UCSJ Action Alert!
UPDATE: TBILISI JEWS STILL DENIED RETURN OF SYNAGOGUE

Join campaign to help Georgian Jews get their synagogue back

TO: Supporters of Human Rights
FROM: Maureen Greenwood, Advocacy Director, Union of Councils for Soviet Jews
DATE: December 8, 1997

RE: UPDATE: TBILISI JEWS STILL DENIED RETURN OF SYNAGOGUE

UCSJ's Caucasus-American Bureau on Human Rights in Tbilisi, Georgia reports that local officials continue to refuse to return a building that once housed a synagogue to the Jewish community. In spite of previous positive judicial decisions, on November 14, 1997, the Georgian Court of Arbitration ruled that the Jewish community had no right to the building, which was seized by the Soviets in 1923 and which today houses a local theater troupe.

Now Chief Rabbi and Caucasus Bureau director Ariel Levine, deputy Bureau director Igor Klebansky, and more than thirty other Georgian Jewish leaders are appealing to President Eduard Shevardnadze to enforce the Court's earlier decision. This action represents the first time in the post-Soviet era that the Georgian Jewish community has organized a public protest against the government.

Immediate Action Requested

The Union of Councils calls on defenders of religious freedom to write letters to President Shevardnadze and Georgia's diplomatic missions in the United States and ask that the Jewish community of Tbilisi be given their synagogue back. Please forward copies of your letters to UCSJ.

The Honorable Edward Shevardnadze,
President of Georgia
7 Ingorokva Street
Tbilisi 380034	 
Georgia
Fax: 011-(995) (32) 989-380
 
Ambassador Tedo Japaridze
Embassy of the Republic of Georgia
1511 K St., NW, Suite 424
Washington, DC 20005
Fax: 202-393-4357
E-mail: 73324.1007@compuserve.com

Dr. Peter Chkheidze
Permanent Representative of Georgia to the United Nations
136 East 67th Street
New York, NY 10021
Fax: 212-288-8319
E-mail: geoun@undp.org

Background

Several years ago, the Tbilisi Jewish community initiated legal steps to obtain the return of a former Ashkenazi synagogue built in the city's historical downtown during the Nineteenth Century. In the 1930s, this building was transformed into the Beria Club, and later into the Metekhi Theater. Several years ago, the private Institute of Economy rented the building with the Theater of the King's Region. Since 1992, the troupe has used the building for theatrical performances. In 1995, Georgia's Supreme Arbitration Court ordered the troupe to vacate the building and return it to the Jewish community, but the Theater of the King's Region has refused to evacuate it.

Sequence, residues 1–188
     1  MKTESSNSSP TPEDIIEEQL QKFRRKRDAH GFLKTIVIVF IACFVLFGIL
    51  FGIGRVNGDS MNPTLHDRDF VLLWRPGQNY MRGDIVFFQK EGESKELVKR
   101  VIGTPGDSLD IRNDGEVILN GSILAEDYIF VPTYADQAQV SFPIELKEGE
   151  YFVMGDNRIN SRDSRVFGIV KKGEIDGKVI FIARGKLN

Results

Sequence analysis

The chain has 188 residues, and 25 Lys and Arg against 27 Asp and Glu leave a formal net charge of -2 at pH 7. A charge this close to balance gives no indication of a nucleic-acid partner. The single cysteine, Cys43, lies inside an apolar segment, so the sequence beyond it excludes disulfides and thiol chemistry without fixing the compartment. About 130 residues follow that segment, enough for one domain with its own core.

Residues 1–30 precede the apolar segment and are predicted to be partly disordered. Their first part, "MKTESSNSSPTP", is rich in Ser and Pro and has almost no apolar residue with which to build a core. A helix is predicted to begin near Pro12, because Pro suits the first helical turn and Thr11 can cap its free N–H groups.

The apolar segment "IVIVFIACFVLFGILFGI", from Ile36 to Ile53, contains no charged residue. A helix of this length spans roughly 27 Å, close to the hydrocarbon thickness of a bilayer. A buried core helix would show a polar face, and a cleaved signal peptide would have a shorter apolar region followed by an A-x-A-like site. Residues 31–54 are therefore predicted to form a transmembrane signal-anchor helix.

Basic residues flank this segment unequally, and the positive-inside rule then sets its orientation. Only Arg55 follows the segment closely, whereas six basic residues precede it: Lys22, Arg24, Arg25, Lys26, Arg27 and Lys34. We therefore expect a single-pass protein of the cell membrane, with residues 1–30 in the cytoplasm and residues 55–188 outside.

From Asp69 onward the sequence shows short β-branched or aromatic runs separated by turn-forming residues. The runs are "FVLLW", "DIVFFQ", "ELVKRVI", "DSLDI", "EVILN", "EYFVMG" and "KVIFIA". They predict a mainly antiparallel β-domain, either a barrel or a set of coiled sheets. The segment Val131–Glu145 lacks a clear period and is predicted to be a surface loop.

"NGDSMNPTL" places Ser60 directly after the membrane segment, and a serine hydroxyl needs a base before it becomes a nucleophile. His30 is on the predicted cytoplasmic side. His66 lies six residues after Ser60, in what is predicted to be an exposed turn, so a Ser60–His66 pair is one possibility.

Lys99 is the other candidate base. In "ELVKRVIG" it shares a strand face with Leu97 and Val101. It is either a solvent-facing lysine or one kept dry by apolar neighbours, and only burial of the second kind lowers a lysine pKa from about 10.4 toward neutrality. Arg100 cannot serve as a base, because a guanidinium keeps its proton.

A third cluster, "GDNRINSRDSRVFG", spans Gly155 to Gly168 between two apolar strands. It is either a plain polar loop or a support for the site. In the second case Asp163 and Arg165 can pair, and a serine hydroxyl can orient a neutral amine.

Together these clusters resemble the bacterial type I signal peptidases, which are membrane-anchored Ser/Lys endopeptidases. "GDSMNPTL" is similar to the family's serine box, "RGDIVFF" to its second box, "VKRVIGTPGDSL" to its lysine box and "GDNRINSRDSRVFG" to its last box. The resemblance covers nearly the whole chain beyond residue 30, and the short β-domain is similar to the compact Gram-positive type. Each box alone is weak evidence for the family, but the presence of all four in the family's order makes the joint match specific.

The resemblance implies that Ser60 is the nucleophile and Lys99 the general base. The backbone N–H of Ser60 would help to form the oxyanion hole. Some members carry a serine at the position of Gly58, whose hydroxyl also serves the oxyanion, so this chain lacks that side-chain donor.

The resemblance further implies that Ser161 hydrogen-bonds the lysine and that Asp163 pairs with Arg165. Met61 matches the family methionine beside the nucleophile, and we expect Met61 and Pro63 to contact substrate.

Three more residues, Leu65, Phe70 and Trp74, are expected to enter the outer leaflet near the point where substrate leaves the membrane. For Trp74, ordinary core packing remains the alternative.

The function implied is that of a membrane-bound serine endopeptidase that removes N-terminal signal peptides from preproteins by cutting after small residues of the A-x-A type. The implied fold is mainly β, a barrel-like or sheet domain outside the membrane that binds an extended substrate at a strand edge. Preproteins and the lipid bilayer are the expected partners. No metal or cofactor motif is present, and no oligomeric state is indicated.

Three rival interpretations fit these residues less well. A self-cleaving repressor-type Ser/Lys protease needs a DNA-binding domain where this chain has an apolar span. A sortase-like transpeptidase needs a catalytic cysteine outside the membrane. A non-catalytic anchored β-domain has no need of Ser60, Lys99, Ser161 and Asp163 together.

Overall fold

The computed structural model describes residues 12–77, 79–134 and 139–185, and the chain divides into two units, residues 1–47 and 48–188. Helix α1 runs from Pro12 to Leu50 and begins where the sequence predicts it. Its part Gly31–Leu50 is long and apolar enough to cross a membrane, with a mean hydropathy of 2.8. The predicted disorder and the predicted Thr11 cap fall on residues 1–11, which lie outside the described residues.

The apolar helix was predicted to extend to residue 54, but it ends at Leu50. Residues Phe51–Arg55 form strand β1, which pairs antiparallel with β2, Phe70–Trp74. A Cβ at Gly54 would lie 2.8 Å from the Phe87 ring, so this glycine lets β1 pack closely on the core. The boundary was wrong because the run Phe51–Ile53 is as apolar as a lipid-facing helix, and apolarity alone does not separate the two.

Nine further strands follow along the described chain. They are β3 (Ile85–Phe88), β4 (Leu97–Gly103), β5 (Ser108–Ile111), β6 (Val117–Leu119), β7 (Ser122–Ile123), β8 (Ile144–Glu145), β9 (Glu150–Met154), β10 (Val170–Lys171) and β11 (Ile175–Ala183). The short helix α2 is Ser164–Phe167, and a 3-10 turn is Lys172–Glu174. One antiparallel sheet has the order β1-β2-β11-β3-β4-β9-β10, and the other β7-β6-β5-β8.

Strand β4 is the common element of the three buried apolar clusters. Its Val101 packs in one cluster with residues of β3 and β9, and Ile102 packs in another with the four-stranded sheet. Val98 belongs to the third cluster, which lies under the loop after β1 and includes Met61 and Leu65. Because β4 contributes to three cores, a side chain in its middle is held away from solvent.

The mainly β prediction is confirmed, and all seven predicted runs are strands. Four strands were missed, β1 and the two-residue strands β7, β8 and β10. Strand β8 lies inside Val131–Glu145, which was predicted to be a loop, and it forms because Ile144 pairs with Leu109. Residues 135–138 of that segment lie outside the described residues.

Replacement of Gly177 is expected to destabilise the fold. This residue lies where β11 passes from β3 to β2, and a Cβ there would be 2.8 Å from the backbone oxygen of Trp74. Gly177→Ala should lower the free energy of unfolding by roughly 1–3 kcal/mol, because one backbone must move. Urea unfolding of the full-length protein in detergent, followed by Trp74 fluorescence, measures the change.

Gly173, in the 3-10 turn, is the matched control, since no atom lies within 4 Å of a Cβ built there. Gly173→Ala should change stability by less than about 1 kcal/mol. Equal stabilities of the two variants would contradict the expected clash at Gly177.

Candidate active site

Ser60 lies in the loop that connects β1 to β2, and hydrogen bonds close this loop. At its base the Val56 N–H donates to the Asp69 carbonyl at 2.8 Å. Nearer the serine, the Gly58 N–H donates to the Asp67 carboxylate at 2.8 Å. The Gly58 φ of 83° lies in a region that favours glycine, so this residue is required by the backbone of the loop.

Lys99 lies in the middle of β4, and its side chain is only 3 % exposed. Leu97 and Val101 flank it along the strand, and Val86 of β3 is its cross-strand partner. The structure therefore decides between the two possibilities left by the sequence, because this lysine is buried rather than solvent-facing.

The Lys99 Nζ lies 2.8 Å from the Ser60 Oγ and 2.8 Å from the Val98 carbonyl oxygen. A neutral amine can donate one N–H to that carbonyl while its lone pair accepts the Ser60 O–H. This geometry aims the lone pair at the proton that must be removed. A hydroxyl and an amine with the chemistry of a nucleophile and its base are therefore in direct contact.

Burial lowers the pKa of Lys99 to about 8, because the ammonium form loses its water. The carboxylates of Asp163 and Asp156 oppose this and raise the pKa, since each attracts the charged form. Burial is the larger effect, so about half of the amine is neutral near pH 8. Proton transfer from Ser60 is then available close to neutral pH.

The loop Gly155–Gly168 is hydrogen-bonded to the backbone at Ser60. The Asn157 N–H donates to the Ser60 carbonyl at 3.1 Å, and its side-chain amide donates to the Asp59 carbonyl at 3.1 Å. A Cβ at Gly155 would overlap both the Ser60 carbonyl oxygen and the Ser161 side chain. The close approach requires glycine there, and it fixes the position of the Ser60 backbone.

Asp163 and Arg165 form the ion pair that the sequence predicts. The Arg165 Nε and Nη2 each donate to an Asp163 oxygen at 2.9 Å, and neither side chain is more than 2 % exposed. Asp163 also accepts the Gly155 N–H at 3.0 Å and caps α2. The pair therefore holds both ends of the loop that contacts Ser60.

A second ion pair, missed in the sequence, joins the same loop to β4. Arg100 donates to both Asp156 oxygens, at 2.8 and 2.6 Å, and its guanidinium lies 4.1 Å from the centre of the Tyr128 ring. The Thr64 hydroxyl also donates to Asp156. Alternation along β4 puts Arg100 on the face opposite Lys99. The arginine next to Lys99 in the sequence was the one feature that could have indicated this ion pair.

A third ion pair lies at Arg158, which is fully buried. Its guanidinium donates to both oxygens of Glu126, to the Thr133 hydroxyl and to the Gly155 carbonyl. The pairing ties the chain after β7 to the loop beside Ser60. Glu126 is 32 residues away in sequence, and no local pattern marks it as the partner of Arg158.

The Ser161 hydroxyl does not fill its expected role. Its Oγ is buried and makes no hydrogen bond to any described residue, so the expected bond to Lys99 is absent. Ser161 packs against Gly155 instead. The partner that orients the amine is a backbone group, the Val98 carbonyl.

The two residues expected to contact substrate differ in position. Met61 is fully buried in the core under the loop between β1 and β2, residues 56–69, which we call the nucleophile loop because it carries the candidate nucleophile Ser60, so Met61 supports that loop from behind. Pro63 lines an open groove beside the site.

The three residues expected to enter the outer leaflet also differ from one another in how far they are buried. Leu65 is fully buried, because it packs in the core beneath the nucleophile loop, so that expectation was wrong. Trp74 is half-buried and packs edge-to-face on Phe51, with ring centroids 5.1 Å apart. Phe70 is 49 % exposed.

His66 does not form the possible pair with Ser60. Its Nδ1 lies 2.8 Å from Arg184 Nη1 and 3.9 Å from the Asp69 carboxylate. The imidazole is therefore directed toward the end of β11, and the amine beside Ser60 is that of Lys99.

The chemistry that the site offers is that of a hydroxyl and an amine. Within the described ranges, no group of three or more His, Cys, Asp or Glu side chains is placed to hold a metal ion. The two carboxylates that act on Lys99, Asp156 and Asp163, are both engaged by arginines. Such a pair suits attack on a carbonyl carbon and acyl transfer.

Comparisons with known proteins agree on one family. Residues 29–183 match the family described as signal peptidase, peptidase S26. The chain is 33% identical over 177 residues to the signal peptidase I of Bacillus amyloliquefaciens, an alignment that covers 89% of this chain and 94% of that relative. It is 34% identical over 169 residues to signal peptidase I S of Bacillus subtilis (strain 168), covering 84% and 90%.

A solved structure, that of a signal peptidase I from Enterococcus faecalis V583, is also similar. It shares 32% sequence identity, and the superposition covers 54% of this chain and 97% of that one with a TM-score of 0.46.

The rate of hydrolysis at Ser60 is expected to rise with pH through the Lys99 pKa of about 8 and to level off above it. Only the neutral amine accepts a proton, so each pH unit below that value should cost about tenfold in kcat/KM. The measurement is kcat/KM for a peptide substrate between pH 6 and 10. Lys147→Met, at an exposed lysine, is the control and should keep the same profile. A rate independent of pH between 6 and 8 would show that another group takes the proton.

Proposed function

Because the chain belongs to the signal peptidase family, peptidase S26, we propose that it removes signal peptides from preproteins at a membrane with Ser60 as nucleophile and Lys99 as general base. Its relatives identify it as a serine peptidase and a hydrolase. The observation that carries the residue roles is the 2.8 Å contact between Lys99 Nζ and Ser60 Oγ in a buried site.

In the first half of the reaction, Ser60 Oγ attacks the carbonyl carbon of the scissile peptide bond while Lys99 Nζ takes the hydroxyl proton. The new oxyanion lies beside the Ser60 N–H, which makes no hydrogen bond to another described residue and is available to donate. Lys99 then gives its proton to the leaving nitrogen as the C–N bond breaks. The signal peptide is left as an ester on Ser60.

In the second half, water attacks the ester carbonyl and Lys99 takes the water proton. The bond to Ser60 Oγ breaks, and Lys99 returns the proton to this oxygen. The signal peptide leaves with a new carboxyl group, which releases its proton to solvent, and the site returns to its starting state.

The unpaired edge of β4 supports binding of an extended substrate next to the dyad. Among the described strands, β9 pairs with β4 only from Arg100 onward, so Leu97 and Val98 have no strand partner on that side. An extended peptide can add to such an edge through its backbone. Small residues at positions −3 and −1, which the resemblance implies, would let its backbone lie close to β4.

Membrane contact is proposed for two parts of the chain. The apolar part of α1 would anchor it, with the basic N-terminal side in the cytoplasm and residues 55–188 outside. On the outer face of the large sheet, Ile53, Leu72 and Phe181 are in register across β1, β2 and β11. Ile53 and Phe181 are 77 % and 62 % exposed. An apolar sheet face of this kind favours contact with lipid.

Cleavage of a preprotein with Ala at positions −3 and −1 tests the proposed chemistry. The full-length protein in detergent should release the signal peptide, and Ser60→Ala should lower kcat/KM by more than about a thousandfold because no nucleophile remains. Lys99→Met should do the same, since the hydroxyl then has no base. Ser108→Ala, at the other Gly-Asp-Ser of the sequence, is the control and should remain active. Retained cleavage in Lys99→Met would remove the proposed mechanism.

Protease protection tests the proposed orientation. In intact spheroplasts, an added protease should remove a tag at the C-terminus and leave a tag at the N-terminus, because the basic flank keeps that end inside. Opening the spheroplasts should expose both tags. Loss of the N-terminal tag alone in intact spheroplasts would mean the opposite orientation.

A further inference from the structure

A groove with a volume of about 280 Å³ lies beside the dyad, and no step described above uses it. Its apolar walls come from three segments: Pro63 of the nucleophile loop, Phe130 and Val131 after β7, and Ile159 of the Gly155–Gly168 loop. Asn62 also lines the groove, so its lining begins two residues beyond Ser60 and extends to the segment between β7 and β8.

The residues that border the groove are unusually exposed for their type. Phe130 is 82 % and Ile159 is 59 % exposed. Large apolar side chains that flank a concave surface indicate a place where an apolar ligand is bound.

The dispute over the synagogue has provoked verbal attacks against the Jewish community. For example, on June 23, 1997, the television program "Alioni" claimed that criminal elements stood behind the Jews. Furthermore, Dato Turoshvilli, one of the leaders of the Georgian Youth Movement, said on television that the struggle for the building was a fight between good and evil forces. Tbilisi Mayor Badry Shoshitaishvilli said on television that he had cancelled the 1995 city government decision to return synagogue.

The November 1997 decision reverses the 1995 ruling, which was never implemented by local officials. Georgian Jewish activists note that while several religious buildings have been returned to Jewish communities in Russia and Ukraine, they are still awaiting for the return of a single synagogue in their country.

SAMPLE LETTER

The Honorable Edward Shevardnadze,
President of Georgia
7 Ingorokva Street
Tbilisi 380034	 
Georgia
Fax: 011-(995) (32) 989-380

Dear President Shevardnadze

We appeal to you to return the synagogue on Abesadze Street in Tbilisi to the Jewish community. We wish to inform you that on November 14, 1997, the Georgian Court of Arbitration considered for the third time a case about the restitution of the synagogue. This judgement, which reversed two prior decisions, failed to direct restitution of the synagogue to the Jewish community. The building was confiscated by the Soviets in 1923. This synagogue has been recognized as Jewish property by the Cabinet of Ministers, the Mayor and the Court of Arbitration (twice).

The Jewish Community of Georgia raised the question of restitution of this religious building, relying on the process of democratization comparable to that of other countries of the Commonwealth of Independent States. Several religious buildings have been returned to Jewish communities in Russia and Ukraine since the fall of the Soviet Union. But in Georgia, not even one synagogue has been returned.

We ask you, as President of the Republic of Georgia, to uphold justice and direct authorities in Tbilisi to return the building to the Jewish community. Georgia is home to many ethnicities and religions; we ask that Georgia's Jews be permitted to practice their religion today as they have for centuries.

Sincerely,


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